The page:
Can you make a bad movie better?

Gigliposter.jpgWriting coaches and writers’ magazines often provide writing prompts to help people practice their craft. A writing teacher of mine had a different approach. Whenever he saw a “bad” movie, he had fun figuring out how make it better. While the probably stayed within the realm of the plot and the dialogue, my Radio/TV undergraduate major causes me to include acting and production values.

According to FilmDaft, “The key ingredients that make a movie ‘good’ are when the acting, directing, writing, cinematography, and overall production value all come together to tell one cohesive, entertaining, and impactful story. In essence, a good movie uses all these tools of filmmaking to tell a compelling story that makes you feel.”

True, but that’s a bit general, so when I consider what would make a bad movie better, I usually stick to the writer’s part of it.

Here I think we can say that if the premise and plot structure are flawed, the movie probably will also be flawed even though everyone and his/her brother probably had a hand in the rewrites before the film was finished.

To make this excercise work, we need to stay away from reviewers and critics and the flaws they see and use the flaws we see. Of course, even good movies may have flaws. For example, “Ladyhawke” is one of my favorite films, but I think the music chosen for it is an abomination and that Matthew Broderick’s character was too flip for the time when the film was set.

When a movie is bad, it’s often because it’s predictable, has unlikely plot twists, is based on a faulty premise, or is jokingly unrealistic within the time and place and subject area in which it was set. Doing this exercise as a writer, I think about:

  • How can I make it less predictable?
  • What are the worst plot twists?
  • Can the premise be altered without throwing out the film altogether?

Did you see the 2003 film “Gigli”? It was considered a failure, often due to general disorganization and a clumsy plot. Okay, these are problems a writer can work with while ignoring critics’ complaints that Affleck and Lopez lacked chemistry. So here the excerise becomes fixing the plot.

Never fear, if you play around with this exercise, you don’t have to re-write the script or even come up with a new treatment for the story. Nailing down what you might do to make it better will, I think, help you see how any story can be made workable.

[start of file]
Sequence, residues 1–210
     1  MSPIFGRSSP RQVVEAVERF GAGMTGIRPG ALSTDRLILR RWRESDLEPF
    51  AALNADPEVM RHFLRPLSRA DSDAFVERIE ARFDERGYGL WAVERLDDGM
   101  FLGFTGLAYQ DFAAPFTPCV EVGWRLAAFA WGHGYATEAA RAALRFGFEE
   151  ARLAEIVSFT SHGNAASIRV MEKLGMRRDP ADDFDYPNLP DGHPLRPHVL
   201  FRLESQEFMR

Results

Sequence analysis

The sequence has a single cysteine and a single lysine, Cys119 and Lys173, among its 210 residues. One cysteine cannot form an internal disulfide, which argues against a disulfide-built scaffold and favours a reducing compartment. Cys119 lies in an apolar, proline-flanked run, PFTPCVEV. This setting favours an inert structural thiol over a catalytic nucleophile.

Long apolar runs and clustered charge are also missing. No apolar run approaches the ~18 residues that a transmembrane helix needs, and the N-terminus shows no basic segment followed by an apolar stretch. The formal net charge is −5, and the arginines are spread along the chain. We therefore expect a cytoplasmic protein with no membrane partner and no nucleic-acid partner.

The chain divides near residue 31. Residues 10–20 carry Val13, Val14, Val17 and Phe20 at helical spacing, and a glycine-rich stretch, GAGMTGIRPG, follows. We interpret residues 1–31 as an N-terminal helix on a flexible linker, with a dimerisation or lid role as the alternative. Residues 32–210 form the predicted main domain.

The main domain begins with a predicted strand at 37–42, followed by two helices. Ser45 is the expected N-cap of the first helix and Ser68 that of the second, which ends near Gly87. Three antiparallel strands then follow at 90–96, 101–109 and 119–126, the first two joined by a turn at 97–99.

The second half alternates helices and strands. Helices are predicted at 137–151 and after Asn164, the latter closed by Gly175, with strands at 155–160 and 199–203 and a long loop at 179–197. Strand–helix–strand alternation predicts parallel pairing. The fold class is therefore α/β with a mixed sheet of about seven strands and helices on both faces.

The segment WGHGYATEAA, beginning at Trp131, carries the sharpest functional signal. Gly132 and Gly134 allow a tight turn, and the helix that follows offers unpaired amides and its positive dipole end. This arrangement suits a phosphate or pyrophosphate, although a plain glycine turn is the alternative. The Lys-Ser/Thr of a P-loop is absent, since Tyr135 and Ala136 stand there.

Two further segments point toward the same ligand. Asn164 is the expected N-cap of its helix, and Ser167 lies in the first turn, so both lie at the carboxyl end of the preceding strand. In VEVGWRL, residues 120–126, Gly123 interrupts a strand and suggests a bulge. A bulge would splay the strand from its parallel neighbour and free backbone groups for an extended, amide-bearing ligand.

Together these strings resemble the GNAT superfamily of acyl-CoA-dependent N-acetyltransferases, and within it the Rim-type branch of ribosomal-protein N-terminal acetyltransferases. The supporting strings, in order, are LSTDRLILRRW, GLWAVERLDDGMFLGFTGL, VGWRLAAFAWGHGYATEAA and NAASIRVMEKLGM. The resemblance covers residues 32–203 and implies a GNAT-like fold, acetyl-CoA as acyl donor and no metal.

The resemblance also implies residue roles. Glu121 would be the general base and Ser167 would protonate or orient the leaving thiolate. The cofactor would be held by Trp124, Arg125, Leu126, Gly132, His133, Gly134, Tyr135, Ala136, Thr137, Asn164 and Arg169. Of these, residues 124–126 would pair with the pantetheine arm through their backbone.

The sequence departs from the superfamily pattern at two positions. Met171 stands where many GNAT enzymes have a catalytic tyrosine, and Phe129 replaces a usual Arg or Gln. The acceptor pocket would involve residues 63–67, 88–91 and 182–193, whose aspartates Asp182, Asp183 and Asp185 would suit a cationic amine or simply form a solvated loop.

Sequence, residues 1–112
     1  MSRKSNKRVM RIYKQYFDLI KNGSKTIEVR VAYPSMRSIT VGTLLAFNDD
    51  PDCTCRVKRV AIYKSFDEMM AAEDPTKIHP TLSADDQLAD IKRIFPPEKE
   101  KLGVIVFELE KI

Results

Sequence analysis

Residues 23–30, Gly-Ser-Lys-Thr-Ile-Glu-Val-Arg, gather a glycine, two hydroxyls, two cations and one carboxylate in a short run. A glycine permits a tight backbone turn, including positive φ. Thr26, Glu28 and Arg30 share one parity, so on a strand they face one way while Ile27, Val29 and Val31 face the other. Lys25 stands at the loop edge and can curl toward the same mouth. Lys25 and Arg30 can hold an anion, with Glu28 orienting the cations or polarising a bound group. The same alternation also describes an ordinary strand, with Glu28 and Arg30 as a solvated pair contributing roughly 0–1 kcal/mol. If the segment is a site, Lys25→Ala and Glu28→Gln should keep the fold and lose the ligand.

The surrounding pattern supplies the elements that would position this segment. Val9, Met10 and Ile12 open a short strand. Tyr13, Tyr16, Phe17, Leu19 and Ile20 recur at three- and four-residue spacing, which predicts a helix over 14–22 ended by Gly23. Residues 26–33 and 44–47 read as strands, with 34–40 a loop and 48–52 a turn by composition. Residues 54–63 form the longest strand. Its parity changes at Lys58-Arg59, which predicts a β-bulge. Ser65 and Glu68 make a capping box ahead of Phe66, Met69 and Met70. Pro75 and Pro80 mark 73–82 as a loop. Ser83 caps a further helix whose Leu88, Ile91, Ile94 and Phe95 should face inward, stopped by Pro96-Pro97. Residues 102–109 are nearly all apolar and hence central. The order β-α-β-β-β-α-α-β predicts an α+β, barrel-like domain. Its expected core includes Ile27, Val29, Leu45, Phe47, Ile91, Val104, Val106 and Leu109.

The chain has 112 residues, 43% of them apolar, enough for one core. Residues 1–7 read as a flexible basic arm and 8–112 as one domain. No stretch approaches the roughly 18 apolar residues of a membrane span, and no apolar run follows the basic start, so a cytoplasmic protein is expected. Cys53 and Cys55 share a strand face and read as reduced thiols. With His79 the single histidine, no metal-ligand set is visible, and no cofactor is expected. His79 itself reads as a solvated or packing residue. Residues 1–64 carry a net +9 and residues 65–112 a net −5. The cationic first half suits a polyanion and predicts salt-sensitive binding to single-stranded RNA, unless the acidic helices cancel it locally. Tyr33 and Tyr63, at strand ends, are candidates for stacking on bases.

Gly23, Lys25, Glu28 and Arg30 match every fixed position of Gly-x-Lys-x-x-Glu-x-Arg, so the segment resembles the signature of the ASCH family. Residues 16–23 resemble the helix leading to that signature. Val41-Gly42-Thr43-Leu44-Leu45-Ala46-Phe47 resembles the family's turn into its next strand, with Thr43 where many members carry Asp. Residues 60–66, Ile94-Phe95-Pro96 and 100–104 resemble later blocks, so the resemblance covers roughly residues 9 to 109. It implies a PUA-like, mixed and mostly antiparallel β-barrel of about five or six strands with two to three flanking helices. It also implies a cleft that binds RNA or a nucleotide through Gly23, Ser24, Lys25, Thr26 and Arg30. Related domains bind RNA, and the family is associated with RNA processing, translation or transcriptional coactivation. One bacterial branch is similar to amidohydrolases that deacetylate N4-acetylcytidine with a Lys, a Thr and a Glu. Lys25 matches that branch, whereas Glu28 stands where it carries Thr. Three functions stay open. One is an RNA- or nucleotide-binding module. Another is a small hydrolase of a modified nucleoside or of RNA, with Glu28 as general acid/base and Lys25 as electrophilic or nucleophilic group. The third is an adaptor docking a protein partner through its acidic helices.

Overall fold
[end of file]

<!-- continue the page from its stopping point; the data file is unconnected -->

Do all your characters sound like you?

When creative writing students turn in their first short story or dialogue exercise, the teacher’s response is frequently, “All of your characters sound like you.”

The writer had certain points to communicate via dialogue and distributed them amongst the characters as though their manner of speaking is interchangeable. Or, as the teacher might say, “You should be able to tell which character is talking by what they say and how they say it.”

Several student responses are likely: (1) A dozen synonyms for said. (Yes, there’s a difference between “he said,” “he yelled,” and “he whispered.”) But they don’t help if the words that are said don’t sound any different in tone, structure, word choice, accent, and focus than the three other people in the conversation. (2) The student thinks up a list of eccentric phrases and distributes these amongst the characters, rather like dealing out cards, so that EVERYONE TALKS FUNNY. The teacher is likely to say, “The people sound like they just escaped from a carnival freakshow.”

One of the hardest things for a writer to do is getting to know his/her characters so well that the way they talk arises naturally out of the person. People talk differently because they are different. The writer’s at a disadvantage here if s/he hasn’t spent any time listening to how “real people” express themselves. Some use slang, some have accents, others speak in short sentences while a few speak in paragraphs. Children sound like children and are influenced by fad words from school or (in modern times) words from texting. Older people may use terms from 40-50 years ago that young people may never have heard, as in “You ain’t got no gumption.”

One way to figure all this out is by reading the works of authors who write great dialogue. TV viewers and critics used to say “‘The West Wing’ has great dialogue.” Listen to a few of these shows and figure out what Aaron Sorkin did to make his characters’ dialogue memorable. Here again, the characters all had their issues, likes and dislikes, fears, joys, etc., so what they said fit who they were.

Resist the urge to pepper conversations with small talk. That slows down the story even if it does sound just like a conversation you heard in a store or on the subway. You are advancing the plot, not shooting the breeze. Read your words aloud. So they sound like they’re words to be read or words to be spoken?

If you look up “writing dialogue” online, you’ll find some decent advice that’s almost as good a learning by reading well-written novels.